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Don’t spread unwanted freshwater pests this hunting season - council

Fuseworks Media
Fuseworks Media

With the hunting season opening this Saturday 23rd May, Environment Southland and Biosecurity New Zealand are reminding duck shooters to do their bit to avoid spreading damaging freshwater pests.

Environment Southland biosecurity team leader Randall Milne says it’s important hunters ensure boots, waders and other gear is free of pests as they travel through Southland’s waterways.

"A single drop of water can spread pests like didymo, so it’s essential hunters check, clean and dry their equipment between every waterway."

It’s especially important to follow this if you’re having mates from the North Island around for duck shooting, as didymo has not made it there yet.

Randall says it doesn’t take that much effort to check, clean and dry, and it can make a world of difference to helping protect Southland’s freshwater resources.

"It’s extremely difficult and costly to get rid of aquatic pests once they are established, so a little effort by everyone using our waterways goes a long way to protecting them for future generations."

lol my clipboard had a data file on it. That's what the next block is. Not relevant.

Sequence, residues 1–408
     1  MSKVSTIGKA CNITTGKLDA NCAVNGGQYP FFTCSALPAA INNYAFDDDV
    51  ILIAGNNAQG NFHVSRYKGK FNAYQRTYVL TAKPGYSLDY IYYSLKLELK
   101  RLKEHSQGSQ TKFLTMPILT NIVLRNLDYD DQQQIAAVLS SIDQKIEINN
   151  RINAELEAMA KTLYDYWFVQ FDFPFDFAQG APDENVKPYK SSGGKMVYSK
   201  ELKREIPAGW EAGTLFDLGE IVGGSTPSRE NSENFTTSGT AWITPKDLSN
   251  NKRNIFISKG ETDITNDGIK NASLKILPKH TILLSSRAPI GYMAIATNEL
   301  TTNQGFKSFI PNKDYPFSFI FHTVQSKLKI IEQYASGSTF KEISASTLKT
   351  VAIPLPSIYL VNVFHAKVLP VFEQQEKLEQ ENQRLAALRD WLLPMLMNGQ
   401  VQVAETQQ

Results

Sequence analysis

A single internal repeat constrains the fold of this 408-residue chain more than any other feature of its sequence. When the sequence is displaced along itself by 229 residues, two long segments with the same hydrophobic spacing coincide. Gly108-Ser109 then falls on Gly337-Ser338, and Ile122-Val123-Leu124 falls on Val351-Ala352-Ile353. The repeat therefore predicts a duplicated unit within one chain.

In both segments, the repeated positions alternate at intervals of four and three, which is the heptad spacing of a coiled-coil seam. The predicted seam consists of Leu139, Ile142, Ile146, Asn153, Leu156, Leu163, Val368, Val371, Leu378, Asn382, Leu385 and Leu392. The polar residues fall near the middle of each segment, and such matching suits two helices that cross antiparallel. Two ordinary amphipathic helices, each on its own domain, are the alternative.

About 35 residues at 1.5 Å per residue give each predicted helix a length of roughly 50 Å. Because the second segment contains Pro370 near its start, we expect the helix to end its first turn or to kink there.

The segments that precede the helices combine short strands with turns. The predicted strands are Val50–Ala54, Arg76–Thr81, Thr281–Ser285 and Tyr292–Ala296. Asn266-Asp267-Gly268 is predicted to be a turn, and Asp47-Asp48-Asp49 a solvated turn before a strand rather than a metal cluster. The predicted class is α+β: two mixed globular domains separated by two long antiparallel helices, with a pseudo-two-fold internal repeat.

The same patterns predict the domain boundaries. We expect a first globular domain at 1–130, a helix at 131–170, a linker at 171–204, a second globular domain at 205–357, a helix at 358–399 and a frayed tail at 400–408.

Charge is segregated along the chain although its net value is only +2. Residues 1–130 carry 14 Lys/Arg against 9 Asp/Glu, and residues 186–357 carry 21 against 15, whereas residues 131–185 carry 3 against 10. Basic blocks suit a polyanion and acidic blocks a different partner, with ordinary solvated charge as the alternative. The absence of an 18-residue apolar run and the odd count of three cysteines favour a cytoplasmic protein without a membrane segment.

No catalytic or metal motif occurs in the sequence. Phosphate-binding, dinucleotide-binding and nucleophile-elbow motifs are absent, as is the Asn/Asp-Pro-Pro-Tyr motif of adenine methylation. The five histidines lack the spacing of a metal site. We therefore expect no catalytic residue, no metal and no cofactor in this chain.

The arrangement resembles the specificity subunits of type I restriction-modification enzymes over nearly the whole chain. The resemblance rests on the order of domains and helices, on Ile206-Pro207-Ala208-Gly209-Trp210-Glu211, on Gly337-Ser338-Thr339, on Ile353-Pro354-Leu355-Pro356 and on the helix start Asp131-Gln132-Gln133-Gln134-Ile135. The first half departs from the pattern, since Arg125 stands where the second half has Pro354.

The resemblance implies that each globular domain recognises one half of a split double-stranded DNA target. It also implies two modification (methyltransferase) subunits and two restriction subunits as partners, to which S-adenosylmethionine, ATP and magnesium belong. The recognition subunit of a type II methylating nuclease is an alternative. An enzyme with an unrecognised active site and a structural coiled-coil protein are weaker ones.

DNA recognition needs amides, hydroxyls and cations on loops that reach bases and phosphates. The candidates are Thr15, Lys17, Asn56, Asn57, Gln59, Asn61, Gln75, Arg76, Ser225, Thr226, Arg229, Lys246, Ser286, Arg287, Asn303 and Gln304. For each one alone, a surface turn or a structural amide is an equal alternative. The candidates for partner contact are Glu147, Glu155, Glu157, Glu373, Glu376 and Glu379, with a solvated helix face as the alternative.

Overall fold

People should also be on the lookout for new potential pests and Randall suggests if people notice a strange plant in the pond where they’re shooting, they should take a photo and send it through to Environment Southland.

"We can help get plants identified, and this is another way we can make sure we haven’t got any new freshwater weeds establishing in the region. We know some freshwater weeds are already in Southland, but it would be great if people tell us so we know if they are spreading to other areas.

"The big one for down here is oxygen weed. We know that it’s in a few locations in Southland, but it’s got the potential to be in other ponds which we haven’t heard about. It can affect people’s duck shooting if it gets established and takes over ponds."

The Southland Pest Hub website has photos of freshwater pests, so you can check whether the plant you’re seeing shouldn’t be in Southland. Visit

For more information about didymo and other freshwater pests go to

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